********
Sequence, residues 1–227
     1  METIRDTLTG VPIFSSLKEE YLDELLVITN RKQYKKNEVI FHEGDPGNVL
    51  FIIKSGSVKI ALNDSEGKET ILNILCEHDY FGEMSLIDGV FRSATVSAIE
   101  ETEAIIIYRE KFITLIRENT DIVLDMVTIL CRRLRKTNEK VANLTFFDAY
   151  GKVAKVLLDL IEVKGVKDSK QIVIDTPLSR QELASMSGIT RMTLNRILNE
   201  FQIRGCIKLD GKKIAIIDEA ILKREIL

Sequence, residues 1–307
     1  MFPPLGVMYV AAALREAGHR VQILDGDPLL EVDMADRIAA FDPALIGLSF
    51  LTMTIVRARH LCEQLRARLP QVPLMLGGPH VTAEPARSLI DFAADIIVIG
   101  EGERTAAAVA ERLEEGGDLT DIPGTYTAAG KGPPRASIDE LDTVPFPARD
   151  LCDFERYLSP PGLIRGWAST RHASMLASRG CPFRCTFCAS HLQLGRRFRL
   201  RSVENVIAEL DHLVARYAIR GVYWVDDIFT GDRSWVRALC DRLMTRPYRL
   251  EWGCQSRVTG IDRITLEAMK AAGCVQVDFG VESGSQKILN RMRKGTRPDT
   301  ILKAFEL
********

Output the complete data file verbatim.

Sequence, residues 1–227
     1  METIRDTLTG VPIFSSLKEE YLDELLVITN RKQYKKNEVI FHEGDPGNVL
    51  FIIKSGSVKI ALNDSEGKET ILNILCEHDY FGEMSLIDGV FRSATVSAIE
   101  ETEAIIIYRE KFITLIRENT DIVLDMVTIL CRRLRKTNEK VANLTFFDAY
   151  GKVAKVLLDL IEVKGVKDSK QIVIDTPLSR QELASMSGIT RMTLNRILNE
   201  FQIRGCIKLD GKKIAIIDEA ILKREIL

Sequence, residues 1–307
     1  MFPPLGVMYV AAALREAGHR VQILDGDPLL EVDMADRIAA FDPALIGLSF
    51  LTMTIVRARH LCEQLRARLP QVPLMLGGPH VTAEPARSLI DFAADIIVIG
   101  EGERTAAAVA ERLEEGGDLT DIPGTYTAAG KGPPRASIDE LDTVPFPARD
   151  LCDFERYLSP PGLIRGWAST RHASMLASRG CPFRCTFCAS HLQLGRRFRL
   201  RSVENVIAEL DHLVARYAIR GVYWVDDIFT GDRSWVRALC DRLMTRPYRL
   251  EWGCQSRVTG IDRITLEAMK AAGCVQVDFG VESGSQKILN RMRKGTRPDT
   301  ILKAFEL